Dirk Mulder calls it: international education is on the way back

Education Minister Alan Tudge says there is a lot of hope on the horizon


Remember the date: Monday, September 13, 2021.

It was on this day English Australia opened its annual conference, with Minister for Education and Youth, Alan Tudge making the opening remarks to the online forum.

Participants at the conference had front row seats at the watershed in Australia’s outlook when it comes to international students in the context of the pandemic.

The proverbial can wasn’t kicked down the road. The message wasn’t that it was too hard. Mr Tudge did not try to complicate the return with complex quarantining negotiations or even pass the buck to the states.

The message, and mark this date in the calendar for the record, was optimism about opening borders and a return of international students.

It was a clear change in outlook and policy for the government.

The optimism rests firmly on the back of increasing vaccination rates domestically and alternate quarantine measures that are currently being investigated in an attempt to open up capacity for entry.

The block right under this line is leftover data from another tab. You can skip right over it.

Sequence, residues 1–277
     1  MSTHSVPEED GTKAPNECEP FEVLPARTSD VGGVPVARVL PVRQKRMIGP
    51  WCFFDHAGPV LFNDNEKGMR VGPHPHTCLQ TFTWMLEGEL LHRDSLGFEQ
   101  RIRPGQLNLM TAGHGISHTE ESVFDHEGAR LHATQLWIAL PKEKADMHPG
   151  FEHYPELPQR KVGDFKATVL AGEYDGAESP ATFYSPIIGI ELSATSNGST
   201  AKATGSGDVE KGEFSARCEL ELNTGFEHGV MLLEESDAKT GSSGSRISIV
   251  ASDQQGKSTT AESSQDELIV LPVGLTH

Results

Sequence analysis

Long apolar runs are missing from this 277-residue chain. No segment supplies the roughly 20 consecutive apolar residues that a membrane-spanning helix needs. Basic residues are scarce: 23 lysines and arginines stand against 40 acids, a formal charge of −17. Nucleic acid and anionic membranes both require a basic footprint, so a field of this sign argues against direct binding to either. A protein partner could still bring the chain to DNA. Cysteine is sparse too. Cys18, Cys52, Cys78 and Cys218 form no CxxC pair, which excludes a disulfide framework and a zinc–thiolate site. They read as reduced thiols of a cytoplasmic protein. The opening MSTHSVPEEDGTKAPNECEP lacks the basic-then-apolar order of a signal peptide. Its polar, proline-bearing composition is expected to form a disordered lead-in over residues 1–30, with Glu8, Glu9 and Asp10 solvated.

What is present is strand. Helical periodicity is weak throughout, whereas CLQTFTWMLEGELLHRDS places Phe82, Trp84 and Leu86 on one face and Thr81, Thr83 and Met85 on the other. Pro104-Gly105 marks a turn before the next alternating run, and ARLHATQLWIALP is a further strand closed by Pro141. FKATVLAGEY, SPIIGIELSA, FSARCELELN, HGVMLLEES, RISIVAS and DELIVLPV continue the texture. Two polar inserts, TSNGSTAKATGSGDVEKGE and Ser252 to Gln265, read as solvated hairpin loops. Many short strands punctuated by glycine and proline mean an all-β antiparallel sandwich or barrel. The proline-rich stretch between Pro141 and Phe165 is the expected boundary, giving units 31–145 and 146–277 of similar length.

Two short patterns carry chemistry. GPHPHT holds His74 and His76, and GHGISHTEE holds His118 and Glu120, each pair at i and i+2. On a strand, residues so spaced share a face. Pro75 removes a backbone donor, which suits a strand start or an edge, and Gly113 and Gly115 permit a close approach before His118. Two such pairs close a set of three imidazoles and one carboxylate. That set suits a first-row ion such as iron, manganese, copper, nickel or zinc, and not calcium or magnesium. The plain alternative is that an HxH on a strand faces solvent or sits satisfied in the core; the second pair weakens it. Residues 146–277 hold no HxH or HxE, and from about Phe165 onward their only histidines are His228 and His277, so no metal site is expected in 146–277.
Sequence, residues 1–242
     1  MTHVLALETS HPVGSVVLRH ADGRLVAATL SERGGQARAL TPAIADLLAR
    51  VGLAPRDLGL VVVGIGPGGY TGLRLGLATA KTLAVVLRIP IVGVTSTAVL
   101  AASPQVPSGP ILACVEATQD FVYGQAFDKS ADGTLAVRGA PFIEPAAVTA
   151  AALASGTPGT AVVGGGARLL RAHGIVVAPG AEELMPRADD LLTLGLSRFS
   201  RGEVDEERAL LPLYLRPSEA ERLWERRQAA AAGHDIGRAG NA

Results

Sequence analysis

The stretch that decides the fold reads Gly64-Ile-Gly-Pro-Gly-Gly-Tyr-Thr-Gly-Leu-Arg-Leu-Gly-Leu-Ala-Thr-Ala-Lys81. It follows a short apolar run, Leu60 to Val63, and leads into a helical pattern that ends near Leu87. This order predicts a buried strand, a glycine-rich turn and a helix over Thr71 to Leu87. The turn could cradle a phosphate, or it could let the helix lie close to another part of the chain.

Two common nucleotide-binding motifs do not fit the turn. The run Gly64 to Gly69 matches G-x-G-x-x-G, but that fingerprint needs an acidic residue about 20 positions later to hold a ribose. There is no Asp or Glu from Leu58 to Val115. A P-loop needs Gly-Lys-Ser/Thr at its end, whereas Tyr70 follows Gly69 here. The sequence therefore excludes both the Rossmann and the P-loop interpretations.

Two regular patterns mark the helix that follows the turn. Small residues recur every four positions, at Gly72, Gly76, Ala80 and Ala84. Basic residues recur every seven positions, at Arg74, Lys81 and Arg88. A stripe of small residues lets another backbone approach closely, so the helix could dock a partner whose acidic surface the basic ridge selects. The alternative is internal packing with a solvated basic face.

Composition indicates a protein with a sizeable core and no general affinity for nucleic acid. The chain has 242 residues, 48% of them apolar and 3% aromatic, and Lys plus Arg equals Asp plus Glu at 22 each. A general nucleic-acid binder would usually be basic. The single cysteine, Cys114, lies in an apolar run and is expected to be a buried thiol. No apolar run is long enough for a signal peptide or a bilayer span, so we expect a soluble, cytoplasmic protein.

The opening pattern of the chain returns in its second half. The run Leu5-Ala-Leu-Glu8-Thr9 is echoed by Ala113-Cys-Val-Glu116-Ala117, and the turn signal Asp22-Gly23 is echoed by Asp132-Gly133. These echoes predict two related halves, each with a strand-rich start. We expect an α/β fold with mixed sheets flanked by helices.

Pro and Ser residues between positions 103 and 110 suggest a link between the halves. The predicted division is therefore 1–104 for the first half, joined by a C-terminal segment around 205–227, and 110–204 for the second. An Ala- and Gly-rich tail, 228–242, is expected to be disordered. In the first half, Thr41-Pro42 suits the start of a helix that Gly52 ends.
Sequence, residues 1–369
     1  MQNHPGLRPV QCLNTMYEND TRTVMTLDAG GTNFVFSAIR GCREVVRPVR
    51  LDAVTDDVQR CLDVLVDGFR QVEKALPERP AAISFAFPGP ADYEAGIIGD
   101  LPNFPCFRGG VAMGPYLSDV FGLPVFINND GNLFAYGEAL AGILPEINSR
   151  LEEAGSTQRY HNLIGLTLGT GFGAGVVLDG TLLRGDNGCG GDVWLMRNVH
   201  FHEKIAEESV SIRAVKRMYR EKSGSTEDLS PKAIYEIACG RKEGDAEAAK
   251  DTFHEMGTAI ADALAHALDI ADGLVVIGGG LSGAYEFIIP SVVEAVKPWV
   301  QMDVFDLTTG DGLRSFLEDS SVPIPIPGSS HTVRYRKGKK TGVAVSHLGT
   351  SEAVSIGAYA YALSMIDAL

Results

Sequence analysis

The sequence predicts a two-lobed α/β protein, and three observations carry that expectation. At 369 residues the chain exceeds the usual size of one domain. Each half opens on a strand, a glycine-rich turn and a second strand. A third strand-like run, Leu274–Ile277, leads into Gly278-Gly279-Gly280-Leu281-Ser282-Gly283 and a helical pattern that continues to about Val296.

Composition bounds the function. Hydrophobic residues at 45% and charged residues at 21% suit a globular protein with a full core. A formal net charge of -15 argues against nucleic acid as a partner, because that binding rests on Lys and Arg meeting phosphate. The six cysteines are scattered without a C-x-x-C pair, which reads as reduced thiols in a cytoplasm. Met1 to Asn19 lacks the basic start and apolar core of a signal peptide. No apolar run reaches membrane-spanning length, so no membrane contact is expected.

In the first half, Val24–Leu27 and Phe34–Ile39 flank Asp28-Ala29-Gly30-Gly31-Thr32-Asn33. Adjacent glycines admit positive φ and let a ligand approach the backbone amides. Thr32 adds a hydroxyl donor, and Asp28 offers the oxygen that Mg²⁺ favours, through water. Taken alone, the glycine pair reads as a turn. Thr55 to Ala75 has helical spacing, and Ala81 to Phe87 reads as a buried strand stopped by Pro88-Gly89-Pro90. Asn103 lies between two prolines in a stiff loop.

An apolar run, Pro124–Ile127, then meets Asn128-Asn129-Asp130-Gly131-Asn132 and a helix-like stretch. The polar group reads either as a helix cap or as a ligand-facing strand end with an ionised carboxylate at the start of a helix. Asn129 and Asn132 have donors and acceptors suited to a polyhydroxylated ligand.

These initiatives, including vaccination certificates being connected to passports, provide certainty for the government in knowing who is coming into the country and their vaccination status.

Mr Tudge said, “we are getting close to hitting the key vaccination targets of 70 per cent and 80 per cent and that is when the economy opens, and international borders can be more open including for international students which are specifically mentioned in the national plan”.

He went on to say, “there is a lot of hope on the horizon”.

However, the best bit was left for last…. and it’s something all members of the international education community have asked for since the pandemic began: leaders; teachers; and students a-like.

The minster stated international students and international education was important to the national interest.

His words were “international education is a really key part of our society educating people who come into this country, building up their skills for further study and many of those go on and become great Australians”.

With international diplomacy proving difficult for the government in recent times – thinking the China relationship and last week’s handling of the French submarine contract it is certainly a step in the right direction in stating what so many have been asking for so long: positive messaging. Furthermore, it underscores what all in the sector believe to be the foundation stone of the Australian offer –making student welcome.

Minister, well done.

Dirk Mulder advises education and business clients on trends in international education. He writes regularly for CMM